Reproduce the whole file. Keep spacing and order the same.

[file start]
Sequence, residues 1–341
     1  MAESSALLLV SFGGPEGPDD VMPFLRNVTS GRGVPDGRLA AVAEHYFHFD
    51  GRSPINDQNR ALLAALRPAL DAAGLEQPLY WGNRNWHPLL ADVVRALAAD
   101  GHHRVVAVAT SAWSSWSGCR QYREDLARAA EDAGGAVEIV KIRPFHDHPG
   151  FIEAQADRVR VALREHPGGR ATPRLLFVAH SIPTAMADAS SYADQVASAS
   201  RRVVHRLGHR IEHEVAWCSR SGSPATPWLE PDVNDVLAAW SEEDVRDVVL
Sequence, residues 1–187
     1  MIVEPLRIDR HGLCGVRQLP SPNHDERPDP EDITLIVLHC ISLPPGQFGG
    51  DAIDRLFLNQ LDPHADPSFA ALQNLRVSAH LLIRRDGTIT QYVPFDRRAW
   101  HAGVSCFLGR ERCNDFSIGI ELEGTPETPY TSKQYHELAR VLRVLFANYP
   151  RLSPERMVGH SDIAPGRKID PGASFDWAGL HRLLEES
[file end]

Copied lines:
Sequence, residues 1–341
     1  MAESSALLLV SFGGPEGPDD VMPFLRNVTS GRGVPDGRLA AVAEHYFHFD
    51  GRSPINDQNR ALLAALRPAL DAAGLEQPLY WGNRNWHPLL ADVVRALAAD
   101  GHHRVVAVAT SAWSSWSGCR QYREDLARAA EDAGGAVEIV KIRPFHDHPG
   151  FIEAQADRVR VALREHPGGR ATPRLLFVAH SIPTAMADAS SYADQVASAS
   201  RRVVHRLGHR IEHEVAWCSR SGSPATPWLE PDVNDVLAAW SEEDVRDVVL
Sequence, residues 1–187
     1  MIVEPLRIDR HGLCGVRQLP SPNHDERPDP EDITLIVLHC ISLPPGQFGG
    51  DAIDRLFLNQ LDPHADPSFA ALQNLRVSAH LLIRRDGTIT QYVPFDRRAW
   101  HAGVSCFLGR ERCNDFSIGI ELEGTPETPY TSKQYHELAR VLRVLFANYP
   151  RLSPERMVGH SDIAPGRKID PGASFDWAGL HRLLEES